Raj has specialised in forensic accounting investigations for nearly 25 years and has investigated many of the high profile accounting failures over this period. He is retained by law firms as well as law enforcement and regulatory agencies. In 2000 he set up Forensic Accounting LLP, an independent specialist forensic accounting firm. The firm, having grown to be the biggest independent forensic firm in the UK, was acquired by a US-listed firm in 2008. Raj left in August 2012 after serving his tie-in period after completing his non-compete. He is once again an independent forensic accountant and is the Managing Director of Expert Forensic Accountants Limited. He also runs Dawai Dost, a charitable pharmaceutical project in India. 
Robert Miller is the Business News Night Editor at The Times and broadcaster for BBC Radio Five Live's Wake Up to Money programme. He is a former presenter for Telegraph TV and Telegraph Talk. He was also Senior Business Correspondent at The Daily Telegraph, Associate Editor of Sunday Business, City Editor-in-Chief of The Daily Express and Banking Correspondent of The Times. Previously he was Personal Finance Correspondent at The Observer.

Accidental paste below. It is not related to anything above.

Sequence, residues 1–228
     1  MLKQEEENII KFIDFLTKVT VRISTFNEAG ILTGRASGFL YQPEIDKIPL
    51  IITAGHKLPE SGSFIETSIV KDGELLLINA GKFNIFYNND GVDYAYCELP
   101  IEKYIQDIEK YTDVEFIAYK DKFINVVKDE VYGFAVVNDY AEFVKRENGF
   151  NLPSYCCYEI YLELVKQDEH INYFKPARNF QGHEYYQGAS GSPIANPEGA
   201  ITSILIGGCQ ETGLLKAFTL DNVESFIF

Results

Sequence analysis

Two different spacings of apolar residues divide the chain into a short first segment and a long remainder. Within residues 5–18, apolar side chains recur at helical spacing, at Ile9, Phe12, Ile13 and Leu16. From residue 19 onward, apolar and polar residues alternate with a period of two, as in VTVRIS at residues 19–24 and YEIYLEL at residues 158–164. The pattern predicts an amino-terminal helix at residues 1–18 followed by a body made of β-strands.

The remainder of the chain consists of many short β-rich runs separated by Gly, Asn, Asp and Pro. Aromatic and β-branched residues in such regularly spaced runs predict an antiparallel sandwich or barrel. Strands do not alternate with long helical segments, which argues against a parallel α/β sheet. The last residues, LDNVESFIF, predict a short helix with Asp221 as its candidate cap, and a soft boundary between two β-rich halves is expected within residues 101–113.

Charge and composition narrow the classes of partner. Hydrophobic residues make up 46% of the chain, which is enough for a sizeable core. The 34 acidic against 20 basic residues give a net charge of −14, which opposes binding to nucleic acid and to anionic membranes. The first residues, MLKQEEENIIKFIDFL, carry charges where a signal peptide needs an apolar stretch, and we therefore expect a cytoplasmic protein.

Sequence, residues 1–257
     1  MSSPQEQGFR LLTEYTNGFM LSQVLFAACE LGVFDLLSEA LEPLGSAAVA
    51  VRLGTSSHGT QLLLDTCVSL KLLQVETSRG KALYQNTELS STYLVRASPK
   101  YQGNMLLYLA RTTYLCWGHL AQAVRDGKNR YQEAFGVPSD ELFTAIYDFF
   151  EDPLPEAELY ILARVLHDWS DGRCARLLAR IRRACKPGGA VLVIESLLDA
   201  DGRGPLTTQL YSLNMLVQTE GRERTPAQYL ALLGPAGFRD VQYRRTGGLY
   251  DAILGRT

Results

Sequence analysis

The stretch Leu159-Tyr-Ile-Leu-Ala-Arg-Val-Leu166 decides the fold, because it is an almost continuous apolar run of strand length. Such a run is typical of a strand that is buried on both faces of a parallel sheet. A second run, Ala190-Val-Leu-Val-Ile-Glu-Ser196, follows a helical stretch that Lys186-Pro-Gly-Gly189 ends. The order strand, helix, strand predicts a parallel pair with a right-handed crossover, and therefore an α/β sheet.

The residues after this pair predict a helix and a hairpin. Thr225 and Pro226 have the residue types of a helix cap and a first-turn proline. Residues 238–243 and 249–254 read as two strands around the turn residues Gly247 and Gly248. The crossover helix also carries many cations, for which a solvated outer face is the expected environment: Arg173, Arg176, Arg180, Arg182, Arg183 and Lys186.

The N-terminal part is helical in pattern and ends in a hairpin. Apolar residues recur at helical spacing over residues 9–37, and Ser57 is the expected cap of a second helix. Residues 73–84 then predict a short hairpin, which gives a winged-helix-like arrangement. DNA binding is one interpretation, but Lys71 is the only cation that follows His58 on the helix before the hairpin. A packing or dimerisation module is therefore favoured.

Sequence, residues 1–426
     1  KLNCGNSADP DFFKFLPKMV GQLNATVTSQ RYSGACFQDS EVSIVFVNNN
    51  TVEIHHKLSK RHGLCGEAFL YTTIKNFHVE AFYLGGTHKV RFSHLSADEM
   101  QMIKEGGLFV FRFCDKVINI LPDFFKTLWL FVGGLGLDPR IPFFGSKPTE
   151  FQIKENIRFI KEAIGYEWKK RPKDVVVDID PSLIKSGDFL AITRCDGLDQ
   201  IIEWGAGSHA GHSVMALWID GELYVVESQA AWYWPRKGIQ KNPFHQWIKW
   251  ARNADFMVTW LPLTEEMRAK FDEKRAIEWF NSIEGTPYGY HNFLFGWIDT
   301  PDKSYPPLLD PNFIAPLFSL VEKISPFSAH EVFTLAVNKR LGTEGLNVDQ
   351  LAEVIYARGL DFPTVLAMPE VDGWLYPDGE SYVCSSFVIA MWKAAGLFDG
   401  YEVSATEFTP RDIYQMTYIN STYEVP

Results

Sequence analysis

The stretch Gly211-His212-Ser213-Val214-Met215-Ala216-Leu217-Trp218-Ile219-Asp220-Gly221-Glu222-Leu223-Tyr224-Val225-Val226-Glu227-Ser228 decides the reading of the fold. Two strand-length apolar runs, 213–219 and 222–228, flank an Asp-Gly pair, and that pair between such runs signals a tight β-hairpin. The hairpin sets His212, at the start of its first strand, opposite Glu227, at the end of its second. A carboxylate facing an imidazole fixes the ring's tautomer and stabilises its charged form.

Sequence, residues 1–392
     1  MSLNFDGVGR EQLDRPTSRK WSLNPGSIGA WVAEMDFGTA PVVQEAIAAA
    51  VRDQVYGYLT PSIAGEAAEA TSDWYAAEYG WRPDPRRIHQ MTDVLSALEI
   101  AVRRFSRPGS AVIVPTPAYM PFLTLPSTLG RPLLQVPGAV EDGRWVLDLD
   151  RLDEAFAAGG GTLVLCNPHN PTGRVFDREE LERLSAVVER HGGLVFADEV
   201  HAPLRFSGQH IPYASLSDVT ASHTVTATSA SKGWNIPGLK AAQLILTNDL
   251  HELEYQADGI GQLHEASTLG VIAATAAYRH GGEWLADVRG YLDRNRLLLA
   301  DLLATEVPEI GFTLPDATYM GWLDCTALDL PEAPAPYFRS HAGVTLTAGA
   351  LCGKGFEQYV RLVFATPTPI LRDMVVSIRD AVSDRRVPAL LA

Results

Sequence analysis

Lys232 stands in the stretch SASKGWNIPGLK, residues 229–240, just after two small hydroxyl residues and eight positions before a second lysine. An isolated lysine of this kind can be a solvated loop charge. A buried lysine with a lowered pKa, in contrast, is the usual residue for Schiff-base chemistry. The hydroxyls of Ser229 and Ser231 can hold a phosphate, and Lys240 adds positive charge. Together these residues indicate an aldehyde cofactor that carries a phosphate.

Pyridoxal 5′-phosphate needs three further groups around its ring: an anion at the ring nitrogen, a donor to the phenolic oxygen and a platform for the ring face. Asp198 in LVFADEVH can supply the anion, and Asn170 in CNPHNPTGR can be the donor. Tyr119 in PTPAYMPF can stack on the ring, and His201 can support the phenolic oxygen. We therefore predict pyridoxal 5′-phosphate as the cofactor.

Robert is also a former adviser to the Department of Trade and Industry's (DTI) Foresight Panel on business, a member of Lautro, the old unit trust and life office regulator and pension fund trustee at News International.

Roddy Mansfield produces investigations for Sky News and has been using covert cameras since 1994. He has secretly filmed the rescue of a kidnapped bride in Pakistan, exposed illegal exports of electronic waste to West Africa and purchased machine guns from underworld armourers.
His investigations have convicted computer hackers, immigration fraudsters, gun dealers and internet predators. Roddy is interested in the ways journalists are applying new technology to obtain evidence for their investigations.
He was previously a video activist with the alternative news service Undercurrents which provided support to NGOs working on social justice and environment issues.